The Global Financial Crisis for Beginners
by Jim Stanford, Canadian Auto Workers
No.165, June 19, 2008
For the last year, the world’s financial system has been roiled by a cascading crisis of confidence. The consequences so far have included collapsed banks and brokerages, some $250 billion worth of officially declared losses by financial companies, a marked slowdown of real economic growth in several countries, and a recession in the U.S. More ominously, there may be a darker, deeper storm coming. Many observers (both critics of the current system, and its defenders) fear this latest panic might just lead to “the big one”: a structural conflagration that produces depression, chaos, and dramatic change.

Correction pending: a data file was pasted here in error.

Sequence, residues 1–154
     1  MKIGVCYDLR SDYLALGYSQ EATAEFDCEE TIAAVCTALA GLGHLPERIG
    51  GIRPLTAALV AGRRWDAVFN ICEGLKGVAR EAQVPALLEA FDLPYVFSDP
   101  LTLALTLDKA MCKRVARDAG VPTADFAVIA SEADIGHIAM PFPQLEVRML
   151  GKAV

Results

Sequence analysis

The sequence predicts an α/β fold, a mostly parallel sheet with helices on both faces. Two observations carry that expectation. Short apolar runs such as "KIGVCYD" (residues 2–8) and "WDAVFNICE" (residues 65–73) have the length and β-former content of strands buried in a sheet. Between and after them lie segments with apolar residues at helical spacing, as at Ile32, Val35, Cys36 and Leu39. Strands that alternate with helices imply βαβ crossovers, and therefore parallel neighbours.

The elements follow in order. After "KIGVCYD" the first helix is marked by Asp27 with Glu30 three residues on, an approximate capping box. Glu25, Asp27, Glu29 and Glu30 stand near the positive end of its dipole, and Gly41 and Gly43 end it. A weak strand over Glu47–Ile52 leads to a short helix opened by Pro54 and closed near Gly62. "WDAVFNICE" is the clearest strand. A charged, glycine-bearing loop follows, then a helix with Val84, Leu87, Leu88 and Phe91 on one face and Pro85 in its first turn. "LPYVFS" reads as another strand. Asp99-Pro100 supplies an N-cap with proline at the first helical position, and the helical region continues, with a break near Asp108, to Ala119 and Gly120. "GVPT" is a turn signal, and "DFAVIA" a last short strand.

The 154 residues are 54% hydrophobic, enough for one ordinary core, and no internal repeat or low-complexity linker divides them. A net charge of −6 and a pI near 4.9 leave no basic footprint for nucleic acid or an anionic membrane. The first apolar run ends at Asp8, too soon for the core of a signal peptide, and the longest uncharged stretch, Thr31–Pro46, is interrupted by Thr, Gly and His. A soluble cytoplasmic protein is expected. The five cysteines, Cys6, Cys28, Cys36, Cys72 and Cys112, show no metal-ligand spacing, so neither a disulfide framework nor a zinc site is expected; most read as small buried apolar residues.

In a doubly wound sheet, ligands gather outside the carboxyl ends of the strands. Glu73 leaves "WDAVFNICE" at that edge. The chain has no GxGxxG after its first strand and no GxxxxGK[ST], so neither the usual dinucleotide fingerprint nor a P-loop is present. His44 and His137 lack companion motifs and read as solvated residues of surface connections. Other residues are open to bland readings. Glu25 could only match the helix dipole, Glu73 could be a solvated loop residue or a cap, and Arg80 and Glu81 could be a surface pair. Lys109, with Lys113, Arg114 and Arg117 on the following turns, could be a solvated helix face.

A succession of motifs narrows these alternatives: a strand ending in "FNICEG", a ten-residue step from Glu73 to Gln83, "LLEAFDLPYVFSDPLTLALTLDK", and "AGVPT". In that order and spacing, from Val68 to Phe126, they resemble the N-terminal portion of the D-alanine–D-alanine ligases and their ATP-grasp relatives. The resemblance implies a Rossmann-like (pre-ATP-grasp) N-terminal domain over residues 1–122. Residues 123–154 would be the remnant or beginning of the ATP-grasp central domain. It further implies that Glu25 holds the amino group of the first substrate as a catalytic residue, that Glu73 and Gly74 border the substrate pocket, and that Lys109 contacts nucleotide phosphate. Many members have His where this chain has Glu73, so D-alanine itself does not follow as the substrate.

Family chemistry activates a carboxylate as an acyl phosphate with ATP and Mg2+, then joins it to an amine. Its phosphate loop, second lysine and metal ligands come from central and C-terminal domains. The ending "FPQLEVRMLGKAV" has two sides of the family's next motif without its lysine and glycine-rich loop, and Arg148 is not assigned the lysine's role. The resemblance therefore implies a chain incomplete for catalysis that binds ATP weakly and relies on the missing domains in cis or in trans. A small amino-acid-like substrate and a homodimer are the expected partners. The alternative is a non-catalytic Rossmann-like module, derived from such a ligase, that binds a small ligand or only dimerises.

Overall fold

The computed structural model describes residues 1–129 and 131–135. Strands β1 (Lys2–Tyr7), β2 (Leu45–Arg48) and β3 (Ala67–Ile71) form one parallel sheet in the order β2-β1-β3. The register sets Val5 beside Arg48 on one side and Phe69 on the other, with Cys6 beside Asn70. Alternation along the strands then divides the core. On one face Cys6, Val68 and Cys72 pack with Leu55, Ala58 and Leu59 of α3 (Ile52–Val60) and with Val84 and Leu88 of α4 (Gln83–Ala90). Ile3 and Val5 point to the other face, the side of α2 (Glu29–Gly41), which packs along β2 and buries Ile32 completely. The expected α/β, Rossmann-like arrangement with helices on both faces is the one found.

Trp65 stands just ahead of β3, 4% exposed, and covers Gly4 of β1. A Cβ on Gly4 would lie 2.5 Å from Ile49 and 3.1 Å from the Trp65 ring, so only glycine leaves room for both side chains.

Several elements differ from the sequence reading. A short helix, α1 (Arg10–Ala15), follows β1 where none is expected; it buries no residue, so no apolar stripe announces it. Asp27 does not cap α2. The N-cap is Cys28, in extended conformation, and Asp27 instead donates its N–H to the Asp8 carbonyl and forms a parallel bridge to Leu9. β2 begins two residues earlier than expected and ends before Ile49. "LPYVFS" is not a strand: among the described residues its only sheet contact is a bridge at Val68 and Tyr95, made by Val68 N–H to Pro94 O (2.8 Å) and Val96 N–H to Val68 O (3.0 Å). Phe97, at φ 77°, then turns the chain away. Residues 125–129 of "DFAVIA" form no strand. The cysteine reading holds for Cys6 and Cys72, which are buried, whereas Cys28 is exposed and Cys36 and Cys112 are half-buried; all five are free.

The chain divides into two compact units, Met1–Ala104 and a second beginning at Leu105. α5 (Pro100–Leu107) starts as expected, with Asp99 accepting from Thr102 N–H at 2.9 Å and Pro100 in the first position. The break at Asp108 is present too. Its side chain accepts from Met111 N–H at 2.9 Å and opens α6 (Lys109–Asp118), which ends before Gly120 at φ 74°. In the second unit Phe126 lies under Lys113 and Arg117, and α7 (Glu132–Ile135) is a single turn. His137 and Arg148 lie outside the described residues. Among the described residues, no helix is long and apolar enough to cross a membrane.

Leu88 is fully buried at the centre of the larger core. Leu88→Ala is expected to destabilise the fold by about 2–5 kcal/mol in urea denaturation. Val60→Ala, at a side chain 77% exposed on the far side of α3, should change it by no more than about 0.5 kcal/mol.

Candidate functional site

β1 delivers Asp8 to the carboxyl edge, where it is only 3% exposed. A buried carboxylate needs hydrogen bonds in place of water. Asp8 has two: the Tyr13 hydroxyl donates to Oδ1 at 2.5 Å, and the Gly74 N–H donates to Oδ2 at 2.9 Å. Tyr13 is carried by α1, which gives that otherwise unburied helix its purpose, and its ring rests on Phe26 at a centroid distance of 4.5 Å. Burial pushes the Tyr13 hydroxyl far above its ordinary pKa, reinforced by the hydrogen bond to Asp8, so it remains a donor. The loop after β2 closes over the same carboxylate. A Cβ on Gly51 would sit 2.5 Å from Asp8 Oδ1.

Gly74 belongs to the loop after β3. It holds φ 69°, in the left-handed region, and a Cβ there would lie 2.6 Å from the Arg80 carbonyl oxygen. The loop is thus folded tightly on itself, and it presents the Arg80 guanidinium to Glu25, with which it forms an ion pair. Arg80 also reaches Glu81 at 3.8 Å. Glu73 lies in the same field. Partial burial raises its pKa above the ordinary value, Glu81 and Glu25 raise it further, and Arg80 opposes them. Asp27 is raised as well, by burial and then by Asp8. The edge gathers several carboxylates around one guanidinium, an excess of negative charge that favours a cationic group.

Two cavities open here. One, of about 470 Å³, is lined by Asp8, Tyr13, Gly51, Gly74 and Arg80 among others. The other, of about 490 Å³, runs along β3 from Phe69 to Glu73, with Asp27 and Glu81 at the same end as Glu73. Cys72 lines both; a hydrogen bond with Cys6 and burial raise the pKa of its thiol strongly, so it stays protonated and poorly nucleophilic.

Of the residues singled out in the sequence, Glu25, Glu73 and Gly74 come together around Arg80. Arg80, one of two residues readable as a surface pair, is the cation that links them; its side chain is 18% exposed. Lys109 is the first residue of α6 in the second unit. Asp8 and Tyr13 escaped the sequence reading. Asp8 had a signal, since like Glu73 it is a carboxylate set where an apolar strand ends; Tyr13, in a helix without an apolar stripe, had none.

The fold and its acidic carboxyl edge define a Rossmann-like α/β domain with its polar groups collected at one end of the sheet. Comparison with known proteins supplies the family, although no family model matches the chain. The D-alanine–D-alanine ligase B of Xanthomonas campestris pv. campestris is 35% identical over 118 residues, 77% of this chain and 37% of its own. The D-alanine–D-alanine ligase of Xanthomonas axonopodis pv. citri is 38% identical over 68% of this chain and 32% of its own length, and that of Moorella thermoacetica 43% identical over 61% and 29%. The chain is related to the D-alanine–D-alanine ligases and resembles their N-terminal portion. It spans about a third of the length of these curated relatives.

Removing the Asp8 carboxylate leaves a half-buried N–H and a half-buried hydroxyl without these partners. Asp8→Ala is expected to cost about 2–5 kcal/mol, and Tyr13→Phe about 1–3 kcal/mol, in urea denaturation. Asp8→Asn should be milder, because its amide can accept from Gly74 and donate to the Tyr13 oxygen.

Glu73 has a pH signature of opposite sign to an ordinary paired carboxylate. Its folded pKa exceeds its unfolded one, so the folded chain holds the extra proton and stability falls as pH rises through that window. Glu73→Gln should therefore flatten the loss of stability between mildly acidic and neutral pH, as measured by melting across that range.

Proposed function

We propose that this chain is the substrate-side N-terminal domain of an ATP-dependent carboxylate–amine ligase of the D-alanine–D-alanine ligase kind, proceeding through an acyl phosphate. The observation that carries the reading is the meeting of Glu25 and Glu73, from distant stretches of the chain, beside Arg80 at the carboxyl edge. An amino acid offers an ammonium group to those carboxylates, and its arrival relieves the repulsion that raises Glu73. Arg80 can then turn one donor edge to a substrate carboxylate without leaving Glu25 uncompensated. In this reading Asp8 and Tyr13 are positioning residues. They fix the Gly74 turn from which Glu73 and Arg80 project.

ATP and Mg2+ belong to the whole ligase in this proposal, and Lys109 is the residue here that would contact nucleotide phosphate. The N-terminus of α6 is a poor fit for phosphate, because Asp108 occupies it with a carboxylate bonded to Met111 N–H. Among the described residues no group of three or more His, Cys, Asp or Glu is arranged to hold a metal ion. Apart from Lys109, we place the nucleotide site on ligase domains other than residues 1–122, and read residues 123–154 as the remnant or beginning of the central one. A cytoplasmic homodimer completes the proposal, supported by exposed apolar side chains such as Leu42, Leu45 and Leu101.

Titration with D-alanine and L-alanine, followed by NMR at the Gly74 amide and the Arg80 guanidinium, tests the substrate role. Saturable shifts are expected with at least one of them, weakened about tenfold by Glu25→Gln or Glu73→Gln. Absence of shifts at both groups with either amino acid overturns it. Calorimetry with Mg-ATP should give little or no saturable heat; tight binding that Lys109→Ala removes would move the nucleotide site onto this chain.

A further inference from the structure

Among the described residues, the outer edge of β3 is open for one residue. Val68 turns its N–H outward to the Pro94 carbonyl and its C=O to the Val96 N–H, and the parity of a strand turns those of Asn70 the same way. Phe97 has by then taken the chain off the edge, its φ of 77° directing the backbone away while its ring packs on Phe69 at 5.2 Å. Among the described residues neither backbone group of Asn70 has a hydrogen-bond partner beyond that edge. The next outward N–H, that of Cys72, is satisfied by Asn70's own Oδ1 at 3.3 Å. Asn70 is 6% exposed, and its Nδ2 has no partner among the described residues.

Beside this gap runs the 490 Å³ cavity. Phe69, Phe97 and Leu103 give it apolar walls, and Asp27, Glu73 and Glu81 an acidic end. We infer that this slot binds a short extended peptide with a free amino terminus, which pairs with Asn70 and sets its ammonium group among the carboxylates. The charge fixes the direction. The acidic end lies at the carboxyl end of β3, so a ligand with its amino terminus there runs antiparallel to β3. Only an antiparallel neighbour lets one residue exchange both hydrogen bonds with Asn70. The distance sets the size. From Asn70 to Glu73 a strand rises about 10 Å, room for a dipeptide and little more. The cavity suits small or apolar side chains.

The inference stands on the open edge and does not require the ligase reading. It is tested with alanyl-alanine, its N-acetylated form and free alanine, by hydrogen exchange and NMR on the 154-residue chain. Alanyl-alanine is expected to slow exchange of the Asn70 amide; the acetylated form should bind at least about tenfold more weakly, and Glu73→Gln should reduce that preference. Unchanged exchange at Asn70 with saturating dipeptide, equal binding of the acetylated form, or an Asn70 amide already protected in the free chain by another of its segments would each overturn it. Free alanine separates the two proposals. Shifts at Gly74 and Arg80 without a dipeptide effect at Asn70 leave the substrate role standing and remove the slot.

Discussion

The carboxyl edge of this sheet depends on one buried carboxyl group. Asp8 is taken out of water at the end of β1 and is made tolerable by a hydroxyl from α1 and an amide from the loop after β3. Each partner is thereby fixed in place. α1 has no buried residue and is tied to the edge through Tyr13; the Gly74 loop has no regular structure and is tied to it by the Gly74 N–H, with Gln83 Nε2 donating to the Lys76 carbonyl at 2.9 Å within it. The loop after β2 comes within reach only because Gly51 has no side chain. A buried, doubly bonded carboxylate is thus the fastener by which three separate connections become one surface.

Personally I’m skeptical of this judgment, and don’t think we should get carried away with doomsday prophesizing. The global financial system has survived at least six major crises since the advent of neoliberalism in the late 1970s. Each time the system manages to rebound and regroup – ever more unequal, unbalanced, and distorted, but still viable nonetheless. So I’m doubtful that this particular meltdown is indeed the one that will bring global capitalism to its knees.
Nevertheless, the current crisis is not remotely over, and could get much worse before it gets better. And the events of the past year have proven that the financial system is both structurally unstable and impossibly unpredictable. So whether it causes larger and more disastrous problems or not, the current crisis is a fitting opportunity to challenge the effectiveness and credibility of the whole neoliberal project – not just its financial and monetary policies, but the way it runs the real economy, too (including a failure to foster real capital accumulation, and failures of public finance)...